Our Field of Dreams: Reimagining the Future with Karen Cerulo, Janet Ruane & Michael Clinton
Original Air Date Wednesday, November 2, 2022
From the famous ‘I have a dream’ speech by Martin Luther King to referring to America as the land of dreams, society often guides us toward creating a dream, or aspiration, to attain. Studies show that those dreams may change over time due to age, race, gender, and societal factors.
To get the low down on higher intentions, Positive Psychology Podcast Host Lisa Cypers Kamen speaks with three authors about what we dream of and why we have longer to acquire our aspirations. Co-authors Karen Cerulo and Janet Ruane share the findings from their book, Dreams of a Lifetime: How We Imagine Our Future and discuss how dreams differ based on a person’s lot in life. Former president and publishing director of Hearst Magazines, Michael Clinton shares statistics gleaned from his research while writing his inspirational book, Roar: into the second half of your life (before it’s too late). Michael contends that life after 50 is the perfect time to expand our horizons and nurture and develop what is important to us.
Karen Cerulo & Janet Ruane — The Field of Dreams:
- Karen and Janet discuss the various factors that influence our dreams including social status, gender, race, and more. [2:54]
- Why Karen and Janet decided to do a study about dreams. [6:40]
- The difference between dreams, aspirations, and hope and why dreaming is essential. [10:47]
- From children to seniors, dreams change as we gain knowledge and experience. [20:09]
- The correlation between dreaming and human happiness. [26:05]
Professor Karen A. Cerulo of Rutgers University and Professor Janet M. Ruane (Roo-ON) of Montclair State University specialize in cultural sociology and social inequality. Their work has been widely quoted in the press, including venues such as Le Monde, Mycentraljersey.com, The New York Daily News, The New Republic, The New York Times, North Jersey.com, Psychology Today, The Post Courier, The Scientific American, Slate Magazine, The Times of India, and USA Today.
Book: Dreams of a Lifetime: How We Imagine Our Future
Michael Clinton — Reimagining the Future:
- Culture and traditional media promote the idea that we should be winding down after 50. Michael contends we should be winding up. [34:48]
- Michael describes some of the benefits of aging and stand-out stories from his book, Roar: into the second half of your life (before it’s too late). [36:46]
- Mid-life is a great time to discover our authenticity and to make different choices. [40:47]
- Looking at the statistics: A high percentage of the US population is 50+. [48:19]
- Michael prefers the word ‘refire’ over retire and why aging at home is the new normal. [51:24]
Michael Clinton is the former president and publishing director of Hearst Magazines and is currently a special media advisor to the Hearst Corporation’s CEO. An author, photographer, avid traveler, and adventurer, he believes that everyone should strive to live the fullest life possible, especially in the second half. He holds two master’s degrees.
Book: Roar: into the second half of your life (before it’s too late)
This episode of Harvesting Happiness Talk Radio about our field of dreams and the future is sponsored by:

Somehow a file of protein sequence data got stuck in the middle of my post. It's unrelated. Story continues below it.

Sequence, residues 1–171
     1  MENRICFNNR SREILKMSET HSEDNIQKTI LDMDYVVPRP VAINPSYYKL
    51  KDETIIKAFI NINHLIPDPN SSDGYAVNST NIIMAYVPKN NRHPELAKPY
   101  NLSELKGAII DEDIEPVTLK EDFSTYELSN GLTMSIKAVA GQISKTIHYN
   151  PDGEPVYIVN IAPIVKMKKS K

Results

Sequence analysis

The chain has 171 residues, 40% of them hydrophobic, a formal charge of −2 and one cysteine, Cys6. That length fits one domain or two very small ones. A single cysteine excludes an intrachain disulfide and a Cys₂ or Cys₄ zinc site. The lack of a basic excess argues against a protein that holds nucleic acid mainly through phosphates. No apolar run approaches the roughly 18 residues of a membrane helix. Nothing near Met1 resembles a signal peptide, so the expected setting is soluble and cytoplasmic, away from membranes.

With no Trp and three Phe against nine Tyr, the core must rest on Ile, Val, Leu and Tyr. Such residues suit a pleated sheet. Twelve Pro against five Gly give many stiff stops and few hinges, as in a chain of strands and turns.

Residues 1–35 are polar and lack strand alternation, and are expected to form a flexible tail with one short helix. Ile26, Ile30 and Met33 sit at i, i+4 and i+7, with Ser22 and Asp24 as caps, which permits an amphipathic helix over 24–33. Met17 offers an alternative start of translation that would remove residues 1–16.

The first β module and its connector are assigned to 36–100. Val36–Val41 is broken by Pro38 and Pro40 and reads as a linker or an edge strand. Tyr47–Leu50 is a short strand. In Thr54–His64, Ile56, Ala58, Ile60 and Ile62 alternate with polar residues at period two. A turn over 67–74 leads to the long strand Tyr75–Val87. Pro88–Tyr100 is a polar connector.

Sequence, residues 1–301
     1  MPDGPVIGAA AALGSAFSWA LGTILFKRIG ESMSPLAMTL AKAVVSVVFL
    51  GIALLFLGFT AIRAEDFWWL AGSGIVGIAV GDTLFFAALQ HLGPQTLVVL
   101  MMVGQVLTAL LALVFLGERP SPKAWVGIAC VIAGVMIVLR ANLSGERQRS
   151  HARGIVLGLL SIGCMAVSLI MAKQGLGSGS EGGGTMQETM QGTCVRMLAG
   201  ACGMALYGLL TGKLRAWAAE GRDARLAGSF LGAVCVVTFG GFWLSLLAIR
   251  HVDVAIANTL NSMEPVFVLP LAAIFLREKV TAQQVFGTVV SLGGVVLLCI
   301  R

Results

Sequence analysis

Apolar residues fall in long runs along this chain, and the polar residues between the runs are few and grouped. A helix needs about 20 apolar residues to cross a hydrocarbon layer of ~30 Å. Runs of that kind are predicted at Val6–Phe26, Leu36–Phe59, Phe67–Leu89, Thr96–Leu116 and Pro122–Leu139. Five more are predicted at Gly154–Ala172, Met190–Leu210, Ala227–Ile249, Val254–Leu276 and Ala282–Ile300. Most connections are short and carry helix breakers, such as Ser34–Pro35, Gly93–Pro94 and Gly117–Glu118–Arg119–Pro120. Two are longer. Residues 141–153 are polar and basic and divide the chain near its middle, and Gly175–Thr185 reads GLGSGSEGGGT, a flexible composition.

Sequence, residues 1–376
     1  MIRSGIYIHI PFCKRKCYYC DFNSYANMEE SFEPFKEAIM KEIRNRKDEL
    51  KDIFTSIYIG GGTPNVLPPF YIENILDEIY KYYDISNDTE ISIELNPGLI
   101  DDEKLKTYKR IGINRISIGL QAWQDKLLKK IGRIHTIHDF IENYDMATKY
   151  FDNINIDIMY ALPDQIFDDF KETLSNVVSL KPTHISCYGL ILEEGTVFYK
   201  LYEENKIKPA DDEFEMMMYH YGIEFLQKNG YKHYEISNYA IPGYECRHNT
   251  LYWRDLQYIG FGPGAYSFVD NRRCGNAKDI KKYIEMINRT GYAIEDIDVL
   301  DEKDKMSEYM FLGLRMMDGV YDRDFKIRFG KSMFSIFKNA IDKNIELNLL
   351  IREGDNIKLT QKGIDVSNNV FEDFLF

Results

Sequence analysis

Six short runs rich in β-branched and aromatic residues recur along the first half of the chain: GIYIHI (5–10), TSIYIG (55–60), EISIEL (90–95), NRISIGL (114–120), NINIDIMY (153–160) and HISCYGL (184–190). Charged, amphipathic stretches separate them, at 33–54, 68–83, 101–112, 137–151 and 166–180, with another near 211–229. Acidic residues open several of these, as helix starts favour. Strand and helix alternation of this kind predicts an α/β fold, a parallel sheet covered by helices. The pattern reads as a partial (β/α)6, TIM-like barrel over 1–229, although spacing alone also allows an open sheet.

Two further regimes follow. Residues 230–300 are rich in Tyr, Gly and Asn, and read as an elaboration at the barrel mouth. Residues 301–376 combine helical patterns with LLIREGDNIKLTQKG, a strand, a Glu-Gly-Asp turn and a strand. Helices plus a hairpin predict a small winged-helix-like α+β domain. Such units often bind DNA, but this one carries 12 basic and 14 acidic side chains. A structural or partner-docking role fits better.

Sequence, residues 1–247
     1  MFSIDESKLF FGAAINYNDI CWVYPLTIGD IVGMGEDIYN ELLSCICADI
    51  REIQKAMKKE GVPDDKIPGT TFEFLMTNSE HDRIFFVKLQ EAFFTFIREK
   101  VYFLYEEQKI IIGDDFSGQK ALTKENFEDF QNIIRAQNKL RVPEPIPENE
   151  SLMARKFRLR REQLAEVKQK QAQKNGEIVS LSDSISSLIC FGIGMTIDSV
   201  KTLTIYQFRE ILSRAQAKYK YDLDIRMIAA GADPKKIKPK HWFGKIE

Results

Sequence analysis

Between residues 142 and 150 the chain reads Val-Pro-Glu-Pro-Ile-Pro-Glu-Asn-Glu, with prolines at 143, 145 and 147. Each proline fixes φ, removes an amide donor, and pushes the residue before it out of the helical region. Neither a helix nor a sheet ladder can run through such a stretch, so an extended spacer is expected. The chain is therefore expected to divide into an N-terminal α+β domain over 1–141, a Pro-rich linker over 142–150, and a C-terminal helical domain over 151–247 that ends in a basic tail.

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Are We Happy Yet? Eight Keys to Unlocking a Joyful Life — A boot camp manual for greater emotional fitness. Happiness waits for no one and sometimes we all need support. What is getting in the way of your happiness right now?
H–Factor: Where is Your Heart? — Lisa’s documentary film explores the journey of human happiness. Emotions are contagious and happiness is a universally desired state. We tend to forget we all have the freedom to be happy or the liberty to be miserable each day.
“If time and money weren’t an issue I’d like to sing like Christina Aguilera.” @LisaKamen on @HH_TalkRadio Click To Tweet“Adversity can be a very fertile ground for nourishing dreams.” @LisaKamen on @HH_TalkRadio Click To Tweet“The pilot light of the human spirit, how do we ignite it in ourselves and others?” @LisaKamen on @HH_TalkRadio Click To Tweet “Dreams are a very different beast. They tell us something about a person's core identity.” — Karen Cerulo on @HH_TalkRadio Click To Tweet“Dreams are more like a fantasy; they don’t necessarily have to be grounded in reality.” — Karen Cerulo on @HH_TalkRadio Click To Tweet“The other finding that was revealing was the number of folks who said, if they could pass their dreams on to children or to loved ones.” — Janet Ruane on @HH_TalkRadio Click To Tweet“We were stuck, in particular, about the difference in the dreams between third graders and fourth graders.” Janet Ruane on @HH_TalkRadio Click To Tweet“There are a number of people in our study who suggested that they went to their dreams when they wanted to feel happier.” — Karen Cerulo on @HH_TalkRadio Click To Tweet“We have been taught that we are supposed to wind down by our culture, by government policies, by corporations.” @maclinton on @HH_TalkRadio Click To Tweet“If you are 50 and healthy you have a really good shot of living to be 90.” @maclinton on @HH_TalkRadio Click To Tweet“We take the extraneous things out of our lives and we nurture and develop the things we want to do with our time and the people we want to be with.” @maclinton on @HH_TalkRadio Click To Tweet“We have to be thinking about our second and third careers, not the way we thought about our first career but as a passion that will give us fulfillment.” @maclinton on @HH_TalkRadio Click To Tweet“34% of the US population is over 50 and every day 10, 000 Americans turn 65.” @maclinton on @HH_TalkRadio Click To Tweet“Aging at home is the new normal.” @maclinton on @HH_TalkRadio Click To Tweet
CONTINUE YOUR JOURNEY
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